A big Thank you to Roth & Co for their partnership with us in keeping people up-to-date with what they need to know to deal with their financial situation during the COVID-19 outbreak.
On Monday, May 12th, Roth&Co hosted a webinar on the topic of maximizing Paycheck Protection Program loan forgiveness. It was presented by Ahron Golding, our in-house tax controversy attorney, and moderated by Zacharia Waxler, Roth&Co Co-Managing Partner. There were opening remarks by Rabbi Abba Cohen, Vice President for Government Affairs and Washington Director and Counsel of Agudath Israel of America.
For your convenience, we have recapped the conversation below and responded to frequently asked questions.
Please note that we are sharing what we currently know about PPP forgiveness, however we are still waiting on guidance regarding the many unknowns. This material has been prepared for informational purposes only, and is not intended to provide, nor should it be relied upon for legal or tax advice.
Secretary of Treasury Steven Mnuchin has indicated that loans over $2 million will be reviewed or audited for compliance. With this in mind, we recommend keeping detailed documentation as you make use of PPP funds to ensure you adhere to the guidelines and maximize forgiveness.
Determining & Documenting “Necessity”
The purpose of the PPP Program is to assist businesses and nonprofits facing financial difficulty with retaining workers, maintaining payroll or making mortgage interest, lease and utility payments. Each PPP applicant is required to sign a certification that specifies that: “the current economic uncertainty makes this loan request necessary to support the ongoing operations of the applicant.” The SBA guidance further clarifies that this takes into account current business activity and other sources of liquidity to support operations in a way that is not significantly determinantal to the organization. We therefore recommend documenting why the loan is necessary. This could be a memo or board meeting minutes where cashflow and forecasting are reviewed and makes clear that financial assistance to maintain operations is needed.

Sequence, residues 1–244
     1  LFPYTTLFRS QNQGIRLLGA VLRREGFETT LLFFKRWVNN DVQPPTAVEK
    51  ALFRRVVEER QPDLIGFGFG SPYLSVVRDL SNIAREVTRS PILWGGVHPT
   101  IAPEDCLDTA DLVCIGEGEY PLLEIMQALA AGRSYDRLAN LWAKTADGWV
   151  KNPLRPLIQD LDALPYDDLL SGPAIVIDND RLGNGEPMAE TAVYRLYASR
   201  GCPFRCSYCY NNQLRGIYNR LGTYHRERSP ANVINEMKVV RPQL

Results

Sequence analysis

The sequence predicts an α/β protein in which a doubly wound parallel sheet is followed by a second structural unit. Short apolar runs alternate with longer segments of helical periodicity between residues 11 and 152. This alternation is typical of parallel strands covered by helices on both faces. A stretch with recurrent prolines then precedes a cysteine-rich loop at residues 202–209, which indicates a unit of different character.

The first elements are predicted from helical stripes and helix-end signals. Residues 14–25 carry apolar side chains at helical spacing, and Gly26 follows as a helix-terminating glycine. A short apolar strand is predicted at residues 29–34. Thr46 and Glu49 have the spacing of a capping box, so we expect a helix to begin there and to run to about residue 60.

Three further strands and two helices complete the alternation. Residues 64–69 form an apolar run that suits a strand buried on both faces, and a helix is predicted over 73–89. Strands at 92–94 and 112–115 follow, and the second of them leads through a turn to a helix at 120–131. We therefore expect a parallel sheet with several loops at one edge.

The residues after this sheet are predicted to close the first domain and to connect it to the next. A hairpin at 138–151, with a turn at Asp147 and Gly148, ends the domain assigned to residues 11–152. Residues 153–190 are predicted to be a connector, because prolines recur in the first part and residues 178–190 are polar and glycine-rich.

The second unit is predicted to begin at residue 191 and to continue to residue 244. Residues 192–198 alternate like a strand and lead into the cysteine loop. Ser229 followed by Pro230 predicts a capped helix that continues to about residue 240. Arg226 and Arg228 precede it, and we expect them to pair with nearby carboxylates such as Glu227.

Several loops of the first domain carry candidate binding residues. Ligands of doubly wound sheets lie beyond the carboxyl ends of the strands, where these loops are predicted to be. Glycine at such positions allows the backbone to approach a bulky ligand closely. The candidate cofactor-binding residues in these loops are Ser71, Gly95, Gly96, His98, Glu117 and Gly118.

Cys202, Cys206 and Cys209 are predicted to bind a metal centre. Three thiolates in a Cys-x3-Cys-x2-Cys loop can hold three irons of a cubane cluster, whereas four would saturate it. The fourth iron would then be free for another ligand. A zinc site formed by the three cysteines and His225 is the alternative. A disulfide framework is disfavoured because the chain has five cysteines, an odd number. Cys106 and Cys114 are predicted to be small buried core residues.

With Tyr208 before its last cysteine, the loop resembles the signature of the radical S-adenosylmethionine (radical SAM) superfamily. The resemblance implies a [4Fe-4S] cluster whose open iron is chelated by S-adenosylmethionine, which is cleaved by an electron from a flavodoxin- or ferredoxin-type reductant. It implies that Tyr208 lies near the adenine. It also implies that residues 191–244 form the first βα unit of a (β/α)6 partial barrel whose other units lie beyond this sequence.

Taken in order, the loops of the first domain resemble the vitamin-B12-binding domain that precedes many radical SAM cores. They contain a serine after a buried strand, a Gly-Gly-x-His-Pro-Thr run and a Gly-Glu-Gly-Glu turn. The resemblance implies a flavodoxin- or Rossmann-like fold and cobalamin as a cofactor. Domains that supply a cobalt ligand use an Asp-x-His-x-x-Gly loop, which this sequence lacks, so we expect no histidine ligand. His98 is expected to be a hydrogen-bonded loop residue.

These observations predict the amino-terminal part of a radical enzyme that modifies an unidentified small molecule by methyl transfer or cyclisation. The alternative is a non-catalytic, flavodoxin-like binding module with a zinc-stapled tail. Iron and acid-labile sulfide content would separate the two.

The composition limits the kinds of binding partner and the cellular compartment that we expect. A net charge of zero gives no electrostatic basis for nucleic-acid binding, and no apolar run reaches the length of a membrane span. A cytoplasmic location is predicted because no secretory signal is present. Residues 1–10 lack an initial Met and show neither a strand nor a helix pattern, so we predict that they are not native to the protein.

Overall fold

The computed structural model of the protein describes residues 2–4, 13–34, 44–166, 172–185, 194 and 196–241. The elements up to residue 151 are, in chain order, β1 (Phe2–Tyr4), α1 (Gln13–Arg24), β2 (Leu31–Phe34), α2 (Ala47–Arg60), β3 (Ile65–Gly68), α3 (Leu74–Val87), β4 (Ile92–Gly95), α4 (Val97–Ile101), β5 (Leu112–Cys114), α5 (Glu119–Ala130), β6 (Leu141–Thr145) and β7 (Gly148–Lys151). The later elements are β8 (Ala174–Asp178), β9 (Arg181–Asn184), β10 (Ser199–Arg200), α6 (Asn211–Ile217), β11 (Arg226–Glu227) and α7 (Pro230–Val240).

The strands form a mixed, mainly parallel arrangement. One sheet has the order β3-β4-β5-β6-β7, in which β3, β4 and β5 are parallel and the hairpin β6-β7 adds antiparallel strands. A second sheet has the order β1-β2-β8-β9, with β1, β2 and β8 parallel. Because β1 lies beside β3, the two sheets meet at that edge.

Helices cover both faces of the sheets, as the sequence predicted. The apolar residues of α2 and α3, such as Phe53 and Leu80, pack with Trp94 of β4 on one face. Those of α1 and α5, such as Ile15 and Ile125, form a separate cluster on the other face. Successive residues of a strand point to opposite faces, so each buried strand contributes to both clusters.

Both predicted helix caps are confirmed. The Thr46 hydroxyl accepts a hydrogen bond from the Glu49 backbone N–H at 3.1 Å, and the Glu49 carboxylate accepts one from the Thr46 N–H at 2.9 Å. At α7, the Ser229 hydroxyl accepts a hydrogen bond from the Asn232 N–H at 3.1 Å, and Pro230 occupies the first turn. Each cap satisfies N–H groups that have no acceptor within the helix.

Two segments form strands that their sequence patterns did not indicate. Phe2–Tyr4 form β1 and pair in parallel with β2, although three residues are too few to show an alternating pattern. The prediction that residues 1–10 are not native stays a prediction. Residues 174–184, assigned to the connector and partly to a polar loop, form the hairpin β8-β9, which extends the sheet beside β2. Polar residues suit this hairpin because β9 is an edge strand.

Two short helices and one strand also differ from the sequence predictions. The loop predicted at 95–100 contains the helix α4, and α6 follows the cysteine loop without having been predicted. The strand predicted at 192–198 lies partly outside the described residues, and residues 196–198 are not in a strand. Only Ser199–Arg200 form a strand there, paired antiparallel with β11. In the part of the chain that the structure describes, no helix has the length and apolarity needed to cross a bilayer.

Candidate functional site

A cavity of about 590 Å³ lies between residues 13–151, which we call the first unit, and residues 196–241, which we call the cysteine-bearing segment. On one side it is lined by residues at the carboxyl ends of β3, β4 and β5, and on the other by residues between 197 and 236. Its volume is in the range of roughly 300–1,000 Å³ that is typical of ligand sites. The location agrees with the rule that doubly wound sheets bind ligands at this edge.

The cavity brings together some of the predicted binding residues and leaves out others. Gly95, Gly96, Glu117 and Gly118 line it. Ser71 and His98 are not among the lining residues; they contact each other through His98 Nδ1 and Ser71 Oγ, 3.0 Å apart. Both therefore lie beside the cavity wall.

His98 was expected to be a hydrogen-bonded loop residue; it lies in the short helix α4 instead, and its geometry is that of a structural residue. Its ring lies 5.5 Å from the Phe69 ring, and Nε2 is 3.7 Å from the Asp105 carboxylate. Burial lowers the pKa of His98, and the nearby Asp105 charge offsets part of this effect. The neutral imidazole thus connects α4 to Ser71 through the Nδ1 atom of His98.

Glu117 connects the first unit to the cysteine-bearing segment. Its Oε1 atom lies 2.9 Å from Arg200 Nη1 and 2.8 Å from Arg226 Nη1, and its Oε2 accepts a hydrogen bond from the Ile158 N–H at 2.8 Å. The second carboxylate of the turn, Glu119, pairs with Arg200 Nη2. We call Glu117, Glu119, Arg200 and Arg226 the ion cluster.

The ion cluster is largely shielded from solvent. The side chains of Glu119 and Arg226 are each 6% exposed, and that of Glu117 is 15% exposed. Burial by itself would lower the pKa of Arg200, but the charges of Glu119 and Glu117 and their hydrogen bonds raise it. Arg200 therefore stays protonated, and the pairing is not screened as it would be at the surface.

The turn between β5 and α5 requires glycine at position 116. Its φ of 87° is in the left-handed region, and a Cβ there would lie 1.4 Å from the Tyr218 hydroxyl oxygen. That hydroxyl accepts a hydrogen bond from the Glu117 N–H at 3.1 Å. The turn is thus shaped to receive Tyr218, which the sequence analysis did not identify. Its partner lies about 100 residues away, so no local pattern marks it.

If, upon further consideration, you determine that the PPP loan you received is not necessary under these guidelines, the funds can be returned under “safe harbor” amnesty until May 14th.
UPDATE: As of May 13th, the SBA has issued guidance that they will not audit any loans under $2 Million and will assume that certification was valid.
Note: PPP loan amounts may become public information as per the Freedom of Information Act, however this is not the case with tax information.